It isn’t enough to check where the treats are made, they can be made in the USA but ingredients can be coming from out of the country.

  6. Avatar Of Allan



    i now only buy American made treats. its been said several times already, but i’ll say it again. if it doesn’t specifically state “MADE IN THE USA” then pass it by. why risk your pets health to save a few cents because in the long run will it be worth it if you’re having to take your pet to the vet for major illnesses or worst have it put down or die!? my boys are my kids to me and they’re worth whatever i have to do to keep them safe and healthy!!!

    • Avatar Of Michelle



      It does not matter where it is made. Products made in the USA often times contain ingredients that are produced outside the USA. Your answer is sadly, not a solution to this problem.

  7. Avatar Of Bob



    Make your own! It may cost a little more but you know they’re safe. Buy a dehydrator (as little as $30) and a meat slicer ($40 on up). Then, look for sales on chicken breasts and stock up. They slice best when partially frozen. I don’t add anything to them and our dogs LOVE them. A batch keeps well in the fridge and longer in the freezer.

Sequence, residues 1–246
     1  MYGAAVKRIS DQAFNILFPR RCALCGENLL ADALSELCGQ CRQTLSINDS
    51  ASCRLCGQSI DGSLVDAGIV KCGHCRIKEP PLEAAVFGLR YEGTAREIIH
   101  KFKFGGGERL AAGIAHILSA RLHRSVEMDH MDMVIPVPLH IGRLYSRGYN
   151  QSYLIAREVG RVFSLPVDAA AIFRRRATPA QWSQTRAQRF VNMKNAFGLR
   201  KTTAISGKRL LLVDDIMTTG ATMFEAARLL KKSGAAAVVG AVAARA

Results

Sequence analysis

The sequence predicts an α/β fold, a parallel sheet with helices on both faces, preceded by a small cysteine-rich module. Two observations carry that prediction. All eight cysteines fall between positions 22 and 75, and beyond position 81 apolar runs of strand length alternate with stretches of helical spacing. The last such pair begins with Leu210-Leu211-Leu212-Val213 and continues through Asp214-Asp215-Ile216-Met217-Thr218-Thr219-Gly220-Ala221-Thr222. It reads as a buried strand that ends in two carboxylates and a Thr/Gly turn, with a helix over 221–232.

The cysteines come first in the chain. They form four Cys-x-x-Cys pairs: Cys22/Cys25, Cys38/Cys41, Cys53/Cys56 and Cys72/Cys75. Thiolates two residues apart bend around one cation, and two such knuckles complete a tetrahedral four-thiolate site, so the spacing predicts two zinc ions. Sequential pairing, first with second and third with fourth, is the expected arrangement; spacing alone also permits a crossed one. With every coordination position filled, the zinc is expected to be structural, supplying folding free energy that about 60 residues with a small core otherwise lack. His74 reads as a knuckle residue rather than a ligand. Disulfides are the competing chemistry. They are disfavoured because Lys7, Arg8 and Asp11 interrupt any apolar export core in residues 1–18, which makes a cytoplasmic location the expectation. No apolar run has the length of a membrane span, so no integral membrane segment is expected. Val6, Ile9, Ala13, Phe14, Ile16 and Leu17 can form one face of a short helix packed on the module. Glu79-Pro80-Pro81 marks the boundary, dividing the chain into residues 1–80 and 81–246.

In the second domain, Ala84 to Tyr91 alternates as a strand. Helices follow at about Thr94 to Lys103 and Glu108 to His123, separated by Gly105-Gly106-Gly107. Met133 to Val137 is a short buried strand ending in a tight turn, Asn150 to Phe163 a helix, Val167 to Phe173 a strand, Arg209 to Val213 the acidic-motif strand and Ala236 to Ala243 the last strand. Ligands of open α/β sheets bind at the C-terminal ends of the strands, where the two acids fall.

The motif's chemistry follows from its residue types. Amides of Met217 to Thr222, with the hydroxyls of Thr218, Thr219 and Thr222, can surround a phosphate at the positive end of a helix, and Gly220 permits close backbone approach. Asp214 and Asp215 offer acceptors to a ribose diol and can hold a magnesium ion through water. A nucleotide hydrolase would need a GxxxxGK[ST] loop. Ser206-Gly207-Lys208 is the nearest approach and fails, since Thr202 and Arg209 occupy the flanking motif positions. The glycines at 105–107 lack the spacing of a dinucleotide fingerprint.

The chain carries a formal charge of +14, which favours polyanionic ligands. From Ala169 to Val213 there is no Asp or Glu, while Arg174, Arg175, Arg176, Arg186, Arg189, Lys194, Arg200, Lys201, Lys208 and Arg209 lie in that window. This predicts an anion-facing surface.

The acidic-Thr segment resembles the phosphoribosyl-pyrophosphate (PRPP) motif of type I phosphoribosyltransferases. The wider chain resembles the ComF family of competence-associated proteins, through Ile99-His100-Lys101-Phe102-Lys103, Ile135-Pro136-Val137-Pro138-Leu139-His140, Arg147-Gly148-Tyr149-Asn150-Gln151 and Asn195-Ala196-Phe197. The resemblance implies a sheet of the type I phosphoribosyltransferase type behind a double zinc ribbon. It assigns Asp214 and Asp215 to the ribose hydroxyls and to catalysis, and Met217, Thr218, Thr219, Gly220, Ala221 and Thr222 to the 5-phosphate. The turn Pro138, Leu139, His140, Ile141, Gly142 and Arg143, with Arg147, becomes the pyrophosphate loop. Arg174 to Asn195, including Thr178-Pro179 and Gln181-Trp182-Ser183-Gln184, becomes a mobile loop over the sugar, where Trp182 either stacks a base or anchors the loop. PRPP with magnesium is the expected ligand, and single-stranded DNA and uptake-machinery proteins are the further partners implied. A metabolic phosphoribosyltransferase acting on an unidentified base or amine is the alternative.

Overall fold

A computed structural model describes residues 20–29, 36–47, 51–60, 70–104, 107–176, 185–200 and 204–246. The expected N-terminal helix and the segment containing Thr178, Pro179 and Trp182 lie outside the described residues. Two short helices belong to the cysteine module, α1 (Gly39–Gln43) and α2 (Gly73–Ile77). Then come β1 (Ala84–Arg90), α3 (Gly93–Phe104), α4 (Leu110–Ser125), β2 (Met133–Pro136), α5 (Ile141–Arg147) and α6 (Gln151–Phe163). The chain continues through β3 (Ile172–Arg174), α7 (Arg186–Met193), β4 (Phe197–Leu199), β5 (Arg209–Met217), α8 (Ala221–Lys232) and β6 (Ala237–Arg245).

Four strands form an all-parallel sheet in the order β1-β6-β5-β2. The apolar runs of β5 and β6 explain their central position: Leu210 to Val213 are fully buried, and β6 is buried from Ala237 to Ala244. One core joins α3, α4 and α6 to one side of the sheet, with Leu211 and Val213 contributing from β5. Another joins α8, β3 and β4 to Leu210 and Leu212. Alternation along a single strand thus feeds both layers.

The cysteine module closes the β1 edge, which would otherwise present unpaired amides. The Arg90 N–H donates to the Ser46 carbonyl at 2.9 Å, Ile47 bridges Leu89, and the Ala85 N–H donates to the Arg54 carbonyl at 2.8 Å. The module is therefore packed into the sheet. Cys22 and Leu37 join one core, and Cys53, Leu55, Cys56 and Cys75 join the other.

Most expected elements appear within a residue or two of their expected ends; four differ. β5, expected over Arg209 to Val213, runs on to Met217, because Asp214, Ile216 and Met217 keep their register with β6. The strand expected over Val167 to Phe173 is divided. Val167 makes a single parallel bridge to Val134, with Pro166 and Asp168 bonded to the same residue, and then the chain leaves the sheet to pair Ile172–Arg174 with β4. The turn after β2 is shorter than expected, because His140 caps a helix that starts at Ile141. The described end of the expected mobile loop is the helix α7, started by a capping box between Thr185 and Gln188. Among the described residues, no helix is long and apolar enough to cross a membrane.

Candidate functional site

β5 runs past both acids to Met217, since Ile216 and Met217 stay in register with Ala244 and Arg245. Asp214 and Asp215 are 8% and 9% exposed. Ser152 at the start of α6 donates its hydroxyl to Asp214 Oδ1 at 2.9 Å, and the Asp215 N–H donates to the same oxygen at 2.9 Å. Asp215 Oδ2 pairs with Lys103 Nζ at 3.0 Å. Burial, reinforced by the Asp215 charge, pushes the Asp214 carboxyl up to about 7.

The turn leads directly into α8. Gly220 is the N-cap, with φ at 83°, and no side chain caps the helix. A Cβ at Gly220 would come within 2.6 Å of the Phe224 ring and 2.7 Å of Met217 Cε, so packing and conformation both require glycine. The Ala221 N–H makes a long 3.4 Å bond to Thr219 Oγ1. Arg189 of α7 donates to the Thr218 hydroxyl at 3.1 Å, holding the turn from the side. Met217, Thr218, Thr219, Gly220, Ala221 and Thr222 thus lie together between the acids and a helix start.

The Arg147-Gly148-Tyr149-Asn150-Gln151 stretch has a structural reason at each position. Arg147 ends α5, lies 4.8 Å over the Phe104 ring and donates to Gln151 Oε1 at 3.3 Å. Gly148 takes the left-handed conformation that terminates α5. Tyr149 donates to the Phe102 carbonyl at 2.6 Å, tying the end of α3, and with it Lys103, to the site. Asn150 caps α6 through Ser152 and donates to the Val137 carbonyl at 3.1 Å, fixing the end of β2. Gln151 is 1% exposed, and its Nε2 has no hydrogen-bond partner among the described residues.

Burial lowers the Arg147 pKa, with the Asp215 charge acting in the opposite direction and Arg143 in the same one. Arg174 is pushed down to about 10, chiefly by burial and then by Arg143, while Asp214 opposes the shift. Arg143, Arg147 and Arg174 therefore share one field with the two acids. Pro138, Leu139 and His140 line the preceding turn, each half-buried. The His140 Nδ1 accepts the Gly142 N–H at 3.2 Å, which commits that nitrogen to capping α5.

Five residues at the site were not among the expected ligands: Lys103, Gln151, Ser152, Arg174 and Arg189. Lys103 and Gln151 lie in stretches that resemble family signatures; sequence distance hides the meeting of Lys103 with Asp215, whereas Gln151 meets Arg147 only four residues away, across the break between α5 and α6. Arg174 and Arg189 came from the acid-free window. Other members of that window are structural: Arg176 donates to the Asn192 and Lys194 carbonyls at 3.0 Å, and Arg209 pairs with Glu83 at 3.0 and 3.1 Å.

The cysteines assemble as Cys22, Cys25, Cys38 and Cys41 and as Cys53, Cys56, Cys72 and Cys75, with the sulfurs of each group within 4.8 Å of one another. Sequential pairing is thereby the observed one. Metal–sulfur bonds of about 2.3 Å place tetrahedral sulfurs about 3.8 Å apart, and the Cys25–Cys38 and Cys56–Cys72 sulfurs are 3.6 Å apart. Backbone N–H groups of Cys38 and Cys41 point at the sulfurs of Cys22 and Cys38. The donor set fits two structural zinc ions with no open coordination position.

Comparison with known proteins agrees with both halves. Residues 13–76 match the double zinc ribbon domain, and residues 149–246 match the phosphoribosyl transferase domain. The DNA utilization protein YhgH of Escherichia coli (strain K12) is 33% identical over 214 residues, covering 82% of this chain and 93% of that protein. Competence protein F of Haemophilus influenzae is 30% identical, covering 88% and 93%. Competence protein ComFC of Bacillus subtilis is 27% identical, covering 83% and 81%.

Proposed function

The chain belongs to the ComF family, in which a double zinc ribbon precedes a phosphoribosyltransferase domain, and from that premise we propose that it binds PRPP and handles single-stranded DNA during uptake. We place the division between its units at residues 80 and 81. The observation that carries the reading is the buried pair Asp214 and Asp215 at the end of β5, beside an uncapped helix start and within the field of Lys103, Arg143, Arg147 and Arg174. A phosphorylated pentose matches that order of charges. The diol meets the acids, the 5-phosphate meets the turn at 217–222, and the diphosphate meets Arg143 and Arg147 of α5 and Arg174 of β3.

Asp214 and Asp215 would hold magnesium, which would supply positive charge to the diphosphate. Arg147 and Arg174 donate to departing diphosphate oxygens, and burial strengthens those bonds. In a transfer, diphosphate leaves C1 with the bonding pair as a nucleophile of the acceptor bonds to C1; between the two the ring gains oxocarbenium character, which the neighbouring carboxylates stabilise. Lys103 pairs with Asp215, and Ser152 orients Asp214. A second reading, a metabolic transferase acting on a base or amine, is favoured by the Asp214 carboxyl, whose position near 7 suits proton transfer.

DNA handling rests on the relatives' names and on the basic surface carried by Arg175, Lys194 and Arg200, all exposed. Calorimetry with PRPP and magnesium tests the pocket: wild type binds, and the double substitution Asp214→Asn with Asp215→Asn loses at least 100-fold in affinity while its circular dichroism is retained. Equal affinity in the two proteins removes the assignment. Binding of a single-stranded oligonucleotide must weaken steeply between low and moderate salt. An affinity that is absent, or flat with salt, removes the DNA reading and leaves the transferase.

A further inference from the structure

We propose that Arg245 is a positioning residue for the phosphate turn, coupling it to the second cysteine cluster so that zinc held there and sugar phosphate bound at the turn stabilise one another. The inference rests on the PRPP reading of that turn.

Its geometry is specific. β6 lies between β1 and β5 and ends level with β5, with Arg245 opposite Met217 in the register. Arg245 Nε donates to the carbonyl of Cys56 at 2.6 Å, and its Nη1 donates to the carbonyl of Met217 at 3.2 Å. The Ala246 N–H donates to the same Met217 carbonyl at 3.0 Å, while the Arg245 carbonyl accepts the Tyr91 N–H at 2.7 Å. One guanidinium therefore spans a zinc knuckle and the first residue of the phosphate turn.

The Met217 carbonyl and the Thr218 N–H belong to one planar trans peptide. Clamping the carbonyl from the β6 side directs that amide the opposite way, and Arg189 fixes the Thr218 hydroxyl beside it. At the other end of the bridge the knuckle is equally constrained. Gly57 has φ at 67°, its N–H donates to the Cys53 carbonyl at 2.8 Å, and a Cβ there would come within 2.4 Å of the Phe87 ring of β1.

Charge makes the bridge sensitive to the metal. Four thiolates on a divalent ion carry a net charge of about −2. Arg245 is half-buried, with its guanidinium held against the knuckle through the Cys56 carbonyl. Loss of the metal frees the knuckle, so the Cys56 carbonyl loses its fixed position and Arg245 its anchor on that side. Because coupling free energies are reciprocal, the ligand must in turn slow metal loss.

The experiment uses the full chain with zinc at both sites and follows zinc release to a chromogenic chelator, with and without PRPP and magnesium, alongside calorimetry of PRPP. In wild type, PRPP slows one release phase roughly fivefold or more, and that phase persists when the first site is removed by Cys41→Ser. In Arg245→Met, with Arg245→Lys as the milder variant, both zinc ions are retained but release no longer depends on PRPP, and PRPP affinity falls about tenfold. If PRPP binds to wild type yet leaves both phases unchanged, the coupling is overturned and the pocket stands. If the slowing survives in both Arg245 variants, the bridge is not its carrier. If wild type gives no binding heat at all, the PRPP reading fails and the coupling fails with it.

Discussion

8. Avatar Of Jessie Matthews

    Jessie Matthews


    Our family had a young dog die of Mesothelioma – the cancer that people get after being exposed to asbestos. Our vet had NEVER seen this type of cancer in a dog. In fact, after sending tissue samples to other vets and research labs, we found out that there have only ever been a tiny handful of cases. Our vet told us that, in his opinion, the cancer was a direct result of feeding dog treats manufactured in China. Now, I read labels VERY carefully. If it doesn’t say MADE in the USA, I don’t buy it. Especially since a dog treat manufacturer may say that they are based in the USA, but not disclose that the treats are actually manufactured in another country – or make it VERY hard to find the information for where the treats were actually made on the package.

    • Avatar Of Lynne W

      Lynne W


      It is also important that the product is SOURCED in the US. I will not feed a product made in the US with imported materials/foods.

  9. Avatar Of Betty Day

    Betty Day


    My dogs hind legs quit working after feeding him the jerkey treats I used to buy at Walmart called Waggin Train, I did not
    believe that it was the treats he loved so much, but after testing ( I would not give them to him for awhile) he got better, then I’d try again and it happened again. I tried 3 times and every time his hind legs would buckle. I read ALL LABELS now. No treats or food from CHINA!!!!!!

  10. Avatar Of Mark



    China treats are cheap but not good. Now the only treats I give my dogs are Krak’ems they are made right here in the USA and they love them !!!